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Definition: flatulence from Stedman's Medical Dictionary

(flat′yū-lents). Presence of an excessive amount of gas in the stomach and intestines. [Mod. L. flatulentus, fr. L. flatus, a blowing, fr. flo, pp. flatus, to blow]

Summary Article: Gas (Flatulence)
From Harvard Medical School Health Topics A-Z
What Is It?

Flatulence is the passage of intestinal gas (flatus) through the rectum. Passing gas is normal, and every human being does it at least 14 times a day, consciously or unconsciously. Sometimes flatulence happens more often than expected, and this can become an embarrassing problem. Extreme flatulence can even interfere with a person's ability to work and socialize comfortably with other people.

Most cases of flatulence are related to factors that can be controlled. This is because intestinal gas usually comes from two sources — swallowed air or the work of intestinal bacteria on undigested food.

Swallowing air is one cause of flatulence. Although much of this swallowed air is belched upward through the mouth, a small amount passes into the intestines and out through the rectum. People swallow air in many different ways, particularly by:

  • Unconsciously gulping air as they talk, especially when they are upset, excited or nervous

  • Eating or drinking in a hurry

  • Chewing gum

  • Smoking

  • Drinking carbonated beverages

Bacteria in the intestines also can produce gas when they process foods that pass into the colon without being digested higher up in the digestive tract. Some common examples of foods that tend to cause gas include:

  • Foods rich in fiber — These include fruits, beans, peas and oat bran.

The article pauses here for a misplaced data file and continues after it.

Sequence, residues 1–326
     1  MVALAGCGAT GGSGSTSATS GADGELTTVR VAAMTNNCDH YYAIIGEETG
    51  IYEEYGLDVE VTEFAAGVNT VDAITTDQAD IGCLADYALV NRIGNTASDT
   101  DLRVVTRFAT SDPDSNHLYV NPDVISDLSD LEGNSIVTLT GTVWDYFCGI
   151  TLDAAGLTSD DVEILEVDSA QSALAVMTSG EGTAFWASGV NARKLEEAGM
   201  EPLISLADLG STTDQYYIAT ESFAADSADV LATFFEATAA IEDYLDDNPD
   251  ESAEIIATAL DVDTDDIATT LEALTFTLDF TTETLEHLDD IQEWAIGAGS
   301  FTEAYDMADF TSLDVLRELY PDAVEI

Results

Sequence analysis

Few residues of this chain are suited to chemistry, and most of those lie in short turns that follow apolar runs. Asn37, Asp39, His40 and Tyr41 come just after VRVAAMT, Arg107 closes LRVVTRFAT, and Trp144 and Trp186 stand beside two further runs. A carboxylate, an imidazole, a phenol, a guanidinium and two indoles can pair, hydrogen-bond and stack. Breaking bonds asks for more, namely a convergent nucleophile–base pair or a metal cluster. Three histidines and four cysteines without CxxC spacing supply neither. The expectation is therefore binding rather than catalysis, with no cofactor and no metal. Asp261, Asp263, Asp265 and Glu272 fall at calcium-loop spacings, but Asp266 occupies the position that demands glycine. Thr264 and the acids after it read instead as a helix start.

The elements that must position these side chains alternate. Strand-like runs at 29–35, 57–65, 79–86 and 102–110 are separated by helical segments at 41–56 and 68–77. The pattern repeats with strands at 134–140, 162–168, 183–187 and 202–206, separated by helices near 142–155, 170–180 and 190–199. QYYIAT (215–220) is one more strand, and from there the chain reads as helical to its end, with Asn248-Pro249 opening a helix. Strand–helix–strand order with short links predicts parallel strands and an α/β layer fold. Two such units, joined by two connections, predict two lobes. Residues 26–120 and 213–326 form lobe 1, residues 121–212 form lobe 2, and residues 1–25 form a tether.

• Foods containing fructose — Fructose is a simple sugar that occurs naturally in many fruits, especially figs, dates, prunes, pears and grapes. It's also found in smaller amounts in onions, asparagus, artichokes and wheat. Fructose sometimes is added as a sweetener to soft drinks, fruit drinks, and some cookies and cakes.

  • Vegetables containing raffinose — Raffinose is a complex sugar found in many cruciferous vegetables (cabbage, Brussels sprouts, broccoli, cauliflower) and in beans. Beans also contain stachyose, another form of poorly digested sugar.

  • Sorbitol — Sorbitol is used to sweeten many sugar-free gums and candies, and it also may be added as an inert ingredient to medicines.

  • Dairy products containing lactose, a sugar found in milk — People who are lactose intolerant find it difficult to digest milk, cheese, ice cream and other dairy products. These people have unusually low levels of lactase, an enzyme needed to digest lactose. Lactose intolerance is especially common among African-Americans, Native Americans and Asians. It can appear as you grow older, even if you have not had trouble digesting milk as a child or younger adult.

Less commonly, flatulence can be a side effect of certain medications, especially cholestyramine (Questran), used to treat high cholesterol, or the diet drug orlistat (Xenical). It also can be a symptom of irritable bowel syndrome or giardiasis (a parasitic infection).


Flatulence is the passing of intestinal gas, either voluntarily or involuntarily. Some people who have flatulence also complain of abdominal bloating, but others do not.